the various regulatory constraints that define how things operate,” notes Michael Carter, executive vice president at Strategic Resource Management in Memphis. “However, it would seem that there is a considerable part of bank and credit union operations that can utilize a remote work model. “Given the occupancy costs associated with commercial real estate, remote work, specifically working from home, may become particularly attractive to organizations across most verticals, including banking. For banking, this shift would have implications for branch density, further accelerating the elimination of branches.” “We are going to see some permanent move to remote employees who were not remote before,” Roche says. “Working from home was something that was coming to banking anyway, but I think it’s really going to accelerate now. I can’t imagine those employees who are working from home now are going to want to go back to the office, at least a couple of days a week. I think what you might see is some kind of grand compromise with a lot of employees about working from home a few days a week.” “Why would people want to come back to the office if they don’t have to?” Lay adds. “We’re not just changing consumer behavior, we’re changing worker behavior. That’s a really hard conversation to have at the management level.”
OLD-FASHION BANKING Ironically, while the virus has pushed more customers into digital banking, it has also made old-fashioned banking methods fashionable – if not critical – again. Century Bank, for example, had to close half of its branches and rely solely on those that had drivethrus, Sloan says. “The lowly drive-thru that many in the banking business had given up on has become the principal mechanism to conduct branch banking,” he says. “We have actually closed mortgage loans through the drive-thru drawer. It was kind of a laugh the first few times but now it’s become standard procedure and it works for both sides.” “I think the companies that sold drive-thrus were going into decline, but I suspect they are going to be back-ordered now,” he adds. “In many cases the drive-thrus had been removed and replaced with a drive-thru ATM. I suspect now they’ll be putting the window back.” The crisis will also force banks to rethink their resiliency and redundancy plans compared to how they used to in the past, Sloane says. “We always prepared for hurricanes, floods, fires and anthrax, but nobody really ever thought that you wouldn’t have any people,” he says. “This is an outside-the-box set of problems that we have to address on one level or another. The shutdown of the restaurant, travel and hotel industries all at once was extraordinarily difficult to predict. Certainly, our risk management thinking has to move well beyond how high housing prices are.”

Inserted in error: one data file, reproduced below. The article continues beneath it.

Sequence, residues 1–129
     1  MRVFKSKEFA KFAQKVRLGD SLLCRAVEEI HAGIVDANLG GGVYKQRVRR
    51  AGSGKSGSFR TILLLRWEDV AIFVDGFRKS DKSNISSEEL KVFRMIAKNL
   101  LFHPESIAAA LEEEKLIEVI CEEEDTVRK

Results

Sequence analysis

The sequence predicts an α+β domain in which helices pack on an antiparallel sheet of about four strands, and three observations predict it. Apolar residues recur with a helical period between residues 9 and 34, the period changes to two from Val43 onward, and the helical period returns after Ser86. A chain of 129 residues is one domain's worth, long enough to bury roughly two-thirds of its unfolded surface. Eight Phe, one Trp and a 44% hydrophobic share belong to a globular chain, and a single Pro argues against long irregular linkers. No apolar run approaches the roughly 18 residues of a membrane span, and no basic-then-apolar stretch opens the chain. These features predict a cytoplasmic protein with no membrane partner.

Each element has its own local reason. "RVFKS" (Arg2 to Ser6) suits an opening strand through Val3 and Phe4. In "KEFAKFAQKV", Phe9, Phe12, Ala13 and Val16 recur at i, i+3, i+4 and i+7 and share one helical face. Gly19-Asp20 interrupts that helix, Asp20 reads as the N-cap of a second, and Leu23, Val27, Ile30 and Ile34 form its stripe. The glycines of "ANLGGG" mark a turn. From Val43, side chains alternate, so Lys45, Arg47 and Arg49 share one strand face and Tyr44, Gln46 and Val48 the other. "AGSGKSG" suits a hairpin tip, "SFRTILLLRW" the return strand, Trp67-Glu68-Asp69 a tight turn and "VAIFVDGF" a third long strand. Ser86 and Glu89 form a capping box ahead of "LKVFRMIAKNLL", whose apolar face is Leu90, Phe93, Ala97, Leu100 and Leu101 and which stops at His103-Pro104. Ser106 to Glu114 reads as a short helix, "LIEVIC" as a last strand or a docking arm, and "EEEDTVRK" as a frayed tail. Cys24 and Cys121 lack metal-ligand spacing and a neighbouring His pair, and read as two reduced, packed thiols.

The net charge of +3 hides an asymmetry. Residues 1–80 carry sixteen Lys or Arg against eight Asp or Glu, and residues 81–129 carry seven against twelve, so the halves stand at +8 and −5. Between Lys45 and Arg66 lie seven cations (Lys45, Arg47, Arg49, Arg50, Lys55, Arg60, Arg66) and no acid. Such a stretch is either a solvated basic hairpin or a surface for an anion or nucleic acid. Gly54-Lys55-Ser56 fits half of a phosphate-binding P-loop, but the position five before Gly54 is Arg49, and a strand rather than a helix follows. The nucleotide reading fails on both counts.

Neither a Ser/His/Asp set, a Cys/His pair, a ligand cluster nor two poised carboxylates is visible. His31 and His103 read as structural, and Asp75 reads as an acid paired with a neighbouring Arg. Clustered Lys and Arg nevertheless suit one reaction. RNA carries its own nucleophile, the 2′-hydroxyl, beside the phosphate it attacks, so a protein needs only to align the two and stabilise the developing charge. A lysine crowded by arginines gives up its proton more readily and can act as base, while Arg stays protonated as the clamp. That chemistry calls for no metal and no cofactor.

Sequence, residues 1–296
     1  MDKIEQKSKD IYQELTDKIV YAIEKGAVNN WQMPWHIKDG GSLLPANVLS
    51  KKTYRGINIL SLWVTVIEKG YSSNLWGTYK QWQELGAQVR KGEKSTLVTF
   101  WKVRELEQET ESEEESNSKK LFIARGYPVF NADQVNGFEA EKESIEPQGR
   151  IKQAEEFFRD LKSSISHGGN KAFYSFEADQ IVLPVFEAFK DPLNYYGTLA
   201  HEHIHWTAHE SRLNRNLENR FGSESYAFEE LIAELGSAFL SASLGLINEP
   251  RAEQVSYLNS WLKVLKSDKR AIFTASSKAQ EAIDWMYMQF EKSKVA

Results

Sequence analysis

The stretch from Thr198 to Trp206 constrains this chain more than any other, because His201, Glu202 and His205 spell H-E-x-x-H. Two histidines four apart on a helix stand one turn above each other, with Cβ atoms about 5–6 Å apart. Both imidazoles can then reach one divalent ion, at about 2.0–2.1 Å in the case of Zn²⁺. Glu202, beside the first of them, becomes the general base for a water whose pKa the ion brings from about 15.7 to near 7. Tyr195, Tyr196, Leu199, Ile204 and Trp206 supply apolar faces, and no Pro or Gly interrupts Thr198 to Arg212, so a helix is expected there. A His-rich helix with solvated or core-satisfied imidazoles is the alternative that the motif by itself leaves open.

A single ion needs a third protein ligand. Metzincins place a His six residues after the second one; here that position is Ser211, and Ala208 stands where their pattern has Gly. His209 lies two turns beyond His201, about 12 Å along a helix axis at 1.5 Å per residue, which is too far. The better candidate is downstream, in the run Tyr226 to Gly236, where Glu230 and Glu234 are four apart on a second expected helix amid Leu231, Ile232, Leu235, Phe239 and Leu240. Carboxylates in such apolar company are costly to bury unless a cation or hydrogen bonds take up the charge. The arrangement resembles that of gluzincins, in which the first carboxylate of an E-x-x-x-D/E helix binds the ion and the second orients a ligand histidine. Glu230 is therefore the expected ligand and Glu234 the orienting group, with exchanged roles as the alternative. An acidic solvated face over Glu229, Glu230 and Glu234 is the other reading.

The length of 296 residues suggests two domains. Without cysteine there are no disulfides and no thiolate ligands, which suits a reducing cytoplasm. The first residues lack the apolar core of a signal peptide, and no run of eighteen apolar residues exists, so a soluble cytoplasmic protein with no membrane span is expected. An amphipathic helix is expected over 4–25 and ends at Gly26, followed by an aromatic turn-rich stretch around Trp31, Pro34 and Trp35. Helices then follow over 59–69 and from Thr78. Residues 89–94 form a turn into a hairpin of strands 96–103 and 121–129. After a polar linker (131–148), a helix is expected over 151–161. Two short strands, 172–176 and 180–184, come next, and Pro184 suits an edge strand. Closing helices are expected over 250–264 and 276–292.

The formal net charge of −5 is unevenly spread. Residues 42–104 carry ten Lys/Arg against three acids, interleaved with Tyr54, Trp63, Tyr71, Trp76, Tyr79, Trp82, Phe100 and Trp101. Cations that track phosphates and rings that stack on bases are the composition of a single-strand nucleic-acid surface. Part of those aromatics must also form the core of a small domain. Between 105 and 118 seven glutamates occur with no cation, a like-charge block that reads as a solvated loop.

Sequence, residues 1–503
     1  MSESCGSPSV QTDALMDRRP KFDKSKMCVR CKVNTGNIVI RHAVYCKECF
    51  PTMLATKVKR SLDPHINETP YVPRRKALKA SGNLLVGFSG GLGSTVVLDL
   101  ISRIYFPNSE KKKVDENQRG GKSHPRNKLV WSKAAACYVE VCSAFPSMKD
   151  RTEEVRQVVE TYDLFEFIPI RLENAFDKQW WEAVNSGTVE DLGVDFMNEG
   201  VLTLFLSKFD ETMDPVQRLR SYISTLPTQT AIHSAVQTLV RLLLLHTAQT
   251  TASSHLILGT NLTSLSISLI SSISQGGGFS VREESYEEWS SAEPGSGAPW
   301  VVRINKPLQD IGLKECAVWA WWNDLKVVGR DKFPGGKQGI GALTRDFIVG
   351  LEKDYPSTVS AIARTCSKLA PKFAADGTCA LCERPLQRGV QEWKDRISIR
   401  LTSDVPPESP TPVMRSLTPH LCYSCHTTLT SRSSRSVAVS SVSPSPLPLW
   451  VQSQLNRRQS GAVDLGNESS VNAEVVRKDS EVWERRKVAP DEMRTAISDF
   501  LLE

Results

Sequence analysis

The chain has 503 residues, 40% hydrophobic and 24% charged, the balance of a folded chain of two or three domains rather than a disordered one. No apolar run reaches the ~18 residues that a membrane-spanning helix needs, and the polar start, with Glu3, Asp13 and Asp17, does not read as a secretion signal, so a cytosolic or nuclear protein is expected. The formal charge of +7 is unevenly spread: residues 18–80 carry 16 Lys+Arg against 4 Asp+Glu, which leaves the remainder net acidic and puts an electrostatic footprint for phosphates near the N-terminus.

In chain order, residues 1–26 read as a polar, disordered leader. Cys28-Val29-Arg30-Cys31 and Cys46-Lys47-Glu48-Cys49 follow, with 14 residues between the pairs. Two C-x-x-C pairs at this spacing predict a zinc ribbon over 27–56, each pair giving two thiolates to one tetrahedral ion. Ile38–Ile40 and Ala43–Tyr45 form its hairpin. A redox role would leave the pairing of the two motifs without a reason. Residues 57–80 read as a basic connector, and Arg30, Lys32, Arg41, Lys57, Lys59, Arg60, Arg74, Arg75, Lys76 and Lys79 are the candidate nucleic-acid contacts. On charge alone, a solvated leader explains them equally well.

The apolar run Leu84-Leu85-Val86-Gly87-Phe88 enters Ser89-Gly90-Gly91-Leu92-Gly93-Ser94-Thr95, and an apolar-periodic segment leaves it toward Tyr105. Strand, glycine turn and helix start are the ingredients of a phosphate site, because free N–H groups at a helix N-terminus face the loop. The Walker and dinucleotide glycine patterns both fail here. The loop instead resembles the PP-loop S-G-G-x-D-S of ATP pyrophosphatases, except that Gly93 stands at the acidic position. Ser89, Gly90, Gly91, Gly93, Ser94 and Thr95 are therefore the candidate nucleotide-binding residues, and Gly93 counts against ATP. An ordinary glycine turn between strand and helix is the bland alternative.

Issue Three | July 2020 | BANKING NEW ENGLAND 7
O N THE MOVE
TRY TO KEEP UP
LOCAL PROFESSIONALS MAKING THEIR MARK IN NEW ENGLAND BANKING Savers Bank Announces Promotion Of Kerri Gonzalez
Savers Bank, in Southbridge, Massachusetts, promoted Kerri Gonzalez to the position of senior VP, operations & eServices. She had been the bank’s vice president, deposit operations and eServices. Kerri Gonzalez Gonzalez is responsible for the oversight and development of the bank’s core banking platforms, payments/fintech initiatives and all electronic and deposit functions. She joined Savers Bank from Dean Bank in September of 2017 with over 24 years of banking experience. Gonzalez has a B.A. from Stonehill College, an MBA from Florida International University and she’s an accredited ACH professional.
Little Joins North Easton Savings Bank as SVP, Chief Credit Officer
North Easton Savings Bank, headquartered in South Easton, Massachusetts, announces the appointment of Paul R. Little as senior vice president, chief credit officer. In Paul R. Little this role, Little oversees commercial credit and collection policies, procedures, and processes to measure and manage inherent risks in the Bank’s loan portfolio. Little joins North Easton Savings Bank with 37 years of experience in the banking and commercial real estate industries, most recently as senior vice president, chief credit officer with the Savings Institute Bank & Trust Company/Berkshire Bank in Willimantic, Connecticut. He earned his bachelor’s degree in business administration from New England College and is a graduate of the American Community Bankers Senior Leadership Institute. He is a member of the Mortgage Bankers Association and the Society of Real Estate Appraisers.
Kaslauskas Promoted To SVP Investments
Veteran banker Peter J. Kaslauskas was promoted from vice president, investments to senior vice president, investments at Savers Bank in Southbridge, Massachusetts. Kaslauskas joined Savers Bank in 2001 as an investment
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Peter J. Kaslauskas